Gay rights advocates are celebrating a win in the nation’s capital.
The U.S. Senate has passed a bill to ban workplace discrimination against gay and transgender people. Both Alaska senators voted for it. But, the bill is unlikely to become law.
In the end, it wasn’t even close: 64-32. Sen. Mark Begich says the relative lack of controversy is a mark of how far the country has come on gay rights in recent years, and he thinks Alaska is no exception.
“I think Alaskans don’t believe in discrimination of any kind, and you shouldn’t discriminate in the workplace,” he said.
Sen. Lisa Murkowski was one of 10 Republicans who joined the Democrats in voting in favor of the non-discrimination bill, known by its acronym: ENDA.
Current federal law already bans employers from firing or refusing to hire based on race, sex or ethnicity, but in Alaska and 28 other states, no law expressly bans discrimination based on sexual orientation or gender identity.
Murkowski said on the Senate floor the existing categories leave some people out.
“Those in the LGBT Community for whom discrimination on the bases of sex doesn’t apply, so what ENDA does, is it bridges that gap, and it is time that that gap is resolved,” she said.
It has an exception for churches and religious schools. Still, it’s unlikely to pass the House, or even come to the floor.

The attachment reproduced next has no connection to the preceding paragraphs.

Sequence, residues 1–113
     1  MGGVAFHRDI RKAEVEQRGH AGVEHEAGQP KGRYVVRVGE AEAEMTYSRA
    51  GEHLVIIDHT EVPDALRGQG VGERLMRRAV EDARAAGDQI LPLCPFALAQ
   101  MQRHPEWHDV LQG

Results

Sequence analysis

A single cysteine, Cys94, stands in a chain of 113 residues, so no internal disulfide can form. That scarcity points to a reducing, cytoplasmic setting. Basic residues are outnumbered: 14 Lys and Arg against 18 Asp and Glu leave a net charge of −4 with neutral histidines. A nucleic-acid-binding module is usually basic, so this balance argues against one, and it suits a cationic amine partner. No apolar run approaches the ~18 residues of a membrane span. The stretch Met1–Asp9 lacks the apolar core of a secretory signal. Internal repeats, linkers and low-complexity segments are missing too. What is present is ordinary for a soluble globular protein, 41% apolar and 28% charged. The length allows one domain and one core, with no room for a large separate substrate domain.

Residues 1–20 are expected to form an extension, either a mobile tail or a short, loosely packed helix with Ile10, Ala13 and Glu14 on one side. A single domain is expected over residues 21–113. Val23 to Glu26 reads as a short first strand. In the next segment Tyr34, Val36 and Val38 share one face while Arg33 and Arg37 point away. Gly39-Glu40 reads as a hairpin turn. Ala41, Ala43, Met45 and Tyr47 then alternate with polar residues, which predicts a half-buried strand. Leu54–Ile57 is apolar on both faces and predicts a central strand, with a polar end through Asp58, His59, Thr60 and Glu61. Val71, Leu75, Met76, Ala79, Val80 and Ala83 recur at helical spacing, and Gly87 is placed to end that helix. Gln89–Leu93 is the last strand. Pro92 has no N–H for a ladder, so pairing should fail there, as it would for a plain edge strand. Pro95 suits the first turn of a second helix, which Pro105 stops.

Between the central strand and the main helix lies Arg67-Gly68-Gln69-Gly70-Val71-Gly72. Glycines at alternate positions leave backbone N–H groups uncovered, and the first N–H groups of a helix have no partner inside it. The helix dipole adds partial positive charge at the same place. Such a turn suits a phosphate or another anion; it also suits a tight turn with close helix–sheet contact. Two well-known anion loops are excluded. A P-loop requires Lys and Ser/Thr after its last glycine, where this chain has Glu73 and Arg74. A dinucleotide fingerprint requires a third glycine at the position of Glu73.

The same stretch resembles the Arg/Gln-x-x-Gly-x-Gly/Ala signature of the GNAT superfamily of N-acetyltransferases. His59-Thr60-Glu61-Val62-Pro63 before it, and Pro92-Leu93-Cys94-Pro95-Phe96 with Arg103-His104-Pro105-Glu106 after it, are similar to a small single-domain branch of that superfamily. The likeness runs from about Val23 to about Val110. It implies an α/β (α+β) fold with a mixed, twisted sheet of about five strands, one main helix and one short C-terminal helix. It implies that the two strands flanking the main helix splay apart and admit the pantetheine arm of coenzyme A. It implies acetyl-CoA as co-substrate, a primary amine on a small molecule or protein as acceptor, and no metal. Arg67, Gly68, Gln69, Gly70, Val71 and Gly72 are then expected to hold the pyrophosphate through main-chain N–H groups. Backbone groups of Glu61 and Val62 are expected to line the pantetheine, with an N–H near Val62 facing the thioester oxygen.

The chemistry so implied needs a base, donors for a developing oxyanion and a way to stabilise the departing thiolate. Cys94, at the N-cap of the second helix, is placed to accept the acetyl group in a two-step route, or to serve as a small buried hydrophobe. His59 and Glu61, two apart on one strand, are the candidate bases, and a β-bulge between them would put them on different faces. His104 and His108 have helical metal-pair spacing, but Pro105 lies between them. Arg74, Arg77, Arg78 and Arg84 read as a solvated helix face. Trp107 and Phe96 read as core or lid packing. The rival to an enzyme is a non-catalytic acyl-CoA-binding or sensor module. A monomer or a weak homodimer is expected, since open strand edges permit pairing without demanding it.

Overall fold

House Speaker John Boehner opposes it. He says it would lead to frivolous lawsuits.
- “Scrap it,” said Matanuska-Susitna Borough Assemblyman Steve Colligan. “We would be better off spending $500,000 to send it to the scrapyard.”
- Some 34,000 Alaskans are eligible for Supplemental Nutrition Assistance Program benefits but don't apply. That's $65 million from the federal government that's not getting into local economies.
- Nick Pletnikoff, who has autism, was pepper-sprayed outside his home by Kodiak police in September. He was never charged with a crime. The family is suing for more than $100,000 plus punitive damages.
- Scalia was perhaps the leading voice of uncompromising conservatism on the Supreme Court. In his 29 years on the court, he achieved almost a cult following for dissents.